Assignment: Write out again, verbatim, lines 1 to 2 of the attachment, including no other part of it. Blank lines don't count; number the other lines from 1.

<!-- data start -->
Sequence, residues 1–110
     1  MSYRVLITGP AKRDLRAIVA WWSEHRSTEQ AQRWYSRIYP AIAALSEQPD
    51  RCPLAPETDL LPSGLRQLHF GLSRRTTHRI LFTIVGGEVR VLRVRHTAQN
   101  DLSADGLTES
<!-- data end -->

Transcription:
Sequence, residues 1–110
     1  MSYRVLITGP AKRDLRAIVA WWSEHRSTEQ AQRWYSRIYP AIAALSEQPD